A-maize-ing initiative to bring bags of hope to struggling farmers

2017-12-27 08:36
"Be A-maize-ing” is an initiative by charity organisation Caring Daisies. (Supplied)

"Be A-maize-ing” is an initiative by charity organisation Caring Daisies. (Supplied)

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Cape Town - Making the great trek to the Western Cape this festive season? An extra bag might make a big difference to drought-stricken farmers struggling to get by.

"Be A-maize-ing", an initiative by charity organisation Caring Daisies, encourages holidaymakers to bring a bag of maize as they make their way through Beaufort West and Graaff-Reinet on their way to the seaside. The maize will go toward feeding the farmlands' hungry animals.

SEE: Land Thirst - voices from the drought-stricken Karoo

"This is just about bringing hope," Caring Daisies founder Anria van Heerden says. "We know we won't be able to save them or bring rain, but we will try to make a difference, at least."

Coffers have run dry

As part of their Manna vir die Boere programme, countless farmers have been assisted through fundraisers and special projects. But the organisation's coffers have run dry, forcing them to think of more creative ways of assisting.

"The idea came about when a school girl from Swartkops raised R40 000 for the farming community. Her mother phoned us and said everyone should be roped in to help, suggesting that, if every family bought one bag of mielies, together it would make a big impact."

Van Heerden has seen farmers reduced to tears when they receive donations and described their situation as "terrible".

"Things are going really badly. There will never be enough money to help them, but we can try."

No surface water

Beaufort West, home to about 37 000 people, ran out of surface water in November and is now dependent on 32 operational boreholes and the local water reclamation plant. 

Besides the "capital of the Karoo" – which is worst off - and the City of Cape Town, the other affected areas in the province are Kannaland, Knysna and Bitou.

Beaufort West Mayor Japie van der Linde, in a recent interview with News24, said he was most worried about the farm areas around the town, which sustained the local economy.

Plant growth has been affected by changing rain patterns in recent years.

A farmer told News24 that rain used to fall in the Karoo between February and May. Now it happens between September and November, resulting in the dry wind blowing away any trace of moisture afterward.

Digging deep to cover costs

Animals are now reliant on fodder, mielies and supplements to survive, forcing farmers to dig deep to cover their costs.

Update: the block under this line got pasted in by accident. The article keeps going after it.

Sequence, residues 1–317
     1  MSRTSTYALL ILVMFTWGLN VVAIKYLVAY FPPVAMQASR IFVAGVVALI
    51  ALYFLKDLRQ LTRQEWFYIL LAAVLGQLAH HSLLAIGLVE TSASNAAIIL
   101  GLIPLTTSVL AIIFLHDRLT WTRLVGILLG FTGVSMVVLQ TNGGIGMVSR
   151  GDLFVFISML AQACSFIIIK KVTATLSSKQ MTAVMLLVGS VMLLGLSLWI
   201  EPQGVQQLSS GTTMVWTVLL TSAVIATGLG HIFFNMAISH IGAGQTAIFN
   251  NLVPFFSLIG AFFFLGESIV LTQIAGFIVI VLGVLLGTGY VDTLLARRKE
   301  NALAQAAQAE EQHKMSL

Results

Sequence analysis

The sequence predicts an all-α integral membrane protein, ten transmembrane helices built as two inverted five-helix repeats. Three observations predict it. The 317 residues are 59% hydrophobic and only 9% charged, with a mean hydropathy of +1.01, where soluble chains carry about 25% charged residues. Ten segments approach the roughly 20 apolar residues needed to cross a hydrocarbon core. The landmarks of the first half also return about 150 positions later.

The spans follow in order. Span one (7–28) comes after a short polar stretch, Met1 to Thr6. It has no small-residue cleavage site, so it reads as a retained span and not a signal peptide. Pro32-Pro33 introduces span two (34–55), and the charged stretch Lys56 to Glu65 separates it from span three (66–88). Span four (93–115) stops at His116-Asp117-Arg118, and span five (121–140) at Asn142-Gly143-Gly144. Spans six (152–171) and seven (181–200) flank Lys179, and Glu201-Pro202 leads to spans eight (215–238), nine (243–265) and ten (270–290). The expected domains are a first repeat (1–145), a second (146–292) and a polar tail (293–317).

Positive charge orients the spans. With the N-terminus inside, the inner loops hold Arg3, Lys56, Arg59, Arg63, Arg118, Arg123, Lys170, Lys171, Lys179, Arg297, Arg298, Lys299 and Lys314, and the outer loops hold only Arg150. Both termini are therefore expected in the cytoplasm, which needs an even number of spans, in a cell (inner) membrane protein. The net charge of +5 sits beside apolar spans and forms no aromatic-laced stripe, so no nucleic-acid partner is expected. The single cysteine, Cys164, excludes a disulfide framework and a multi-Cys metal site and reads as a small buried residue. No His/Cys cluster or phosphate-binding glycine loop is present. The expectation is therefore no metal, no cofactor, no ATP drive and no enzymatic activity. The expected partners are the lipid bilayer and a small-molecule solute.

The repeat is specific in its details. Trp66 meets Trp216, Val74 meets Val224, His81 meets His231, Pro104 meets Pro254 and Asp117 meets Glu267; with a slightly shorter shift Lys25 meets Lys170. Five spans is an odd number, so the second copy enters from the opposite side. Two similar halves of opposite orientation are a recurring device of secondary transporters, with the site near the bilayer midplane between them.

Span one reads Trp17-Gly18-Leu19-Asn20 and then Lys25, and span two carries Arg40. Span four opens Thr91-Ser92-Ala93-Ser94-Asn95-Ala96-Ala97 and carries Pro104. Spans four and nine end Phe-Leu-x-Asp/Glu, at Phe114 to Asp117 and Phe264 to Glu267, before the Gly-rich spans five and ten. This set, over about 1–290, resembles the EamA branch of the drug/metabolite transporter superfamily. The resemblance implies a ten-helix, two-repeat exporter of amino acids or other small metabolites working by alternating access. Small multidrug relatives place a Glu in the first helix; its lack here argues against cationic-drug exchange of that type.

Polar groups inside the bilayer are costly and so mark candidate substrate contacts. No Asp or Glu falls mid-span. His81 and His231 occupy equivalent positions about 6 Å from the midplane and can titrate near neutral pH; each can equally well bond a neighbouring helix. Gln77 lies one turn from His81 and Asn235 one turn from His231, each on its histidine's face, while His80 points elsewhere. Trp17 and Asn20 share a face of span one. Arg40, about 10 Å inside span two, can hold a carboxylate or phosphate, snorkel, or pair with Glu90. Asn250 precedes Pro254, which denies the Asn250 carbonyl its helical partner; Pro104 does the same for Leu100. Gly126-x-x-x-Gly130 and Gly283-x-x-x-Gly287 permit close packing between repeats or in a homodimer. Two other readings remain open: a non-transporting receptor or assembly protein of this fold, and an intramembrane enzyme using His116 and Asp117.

Agri Central Karoo manager Dean Gous praised the initiative, explaining that while the donations from across the country are welcomed, transporting the feed to the desperate farmers can cost up to R30 000 per truck load.

The agricultural organisation currently reaches out through its networks to find donors to help cover the transportation charges.

Farmers from all over SA have been assisting to bring some relief to those battling the drought, the same way those in the Western Cape assisted farmers in Limpopo and other regions when they faced a similar situation in recent years.


"You won’t believe how much one bag of feed helps.  A 50kg bag can at least temporarily give a struggling farmer one less thing to worry about," Gous says.

Most are already deeply in debt and have reduced their flocks by a third to cut costs, he explains.

"Once you reduce your numbers too much, you can't survive anymore. These reductions also result in job losses, because the farmers can't afford to pay the workers."

Morale is low, he says, and Agri Central Karoo has responded by organising workshops and talks to motivate its members and discourage them from becoming despondent to the point where they consider suicide.

But things are not expected to get much better anytime soon.

No rain is predicted

"According to the weather forecasts, no rain is predicted for this month [December]. It looks like things will only start looking up in March or April," he says.

He encouraged those passing through to bring a bag of feed or cash to purchase their donations from resident businesses, thereby also supporting the local economy.

Van Heerden says, as donations are received, they are assigned to struggling farmers across the Northern Cape and parts of the Western Cape. 

"We need to do what we can, one person at a time. And anyone can help.  If you don't know where to buy it, make a donation. It will bring relief, even if it seems like nothing." 

And still pray for rain, she encourages.

"This initiative is focused on a message of hope. Again, we're not going to change the world. But we can make a difference to someone."

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Read more on:    cape town  |  drought  |  farming

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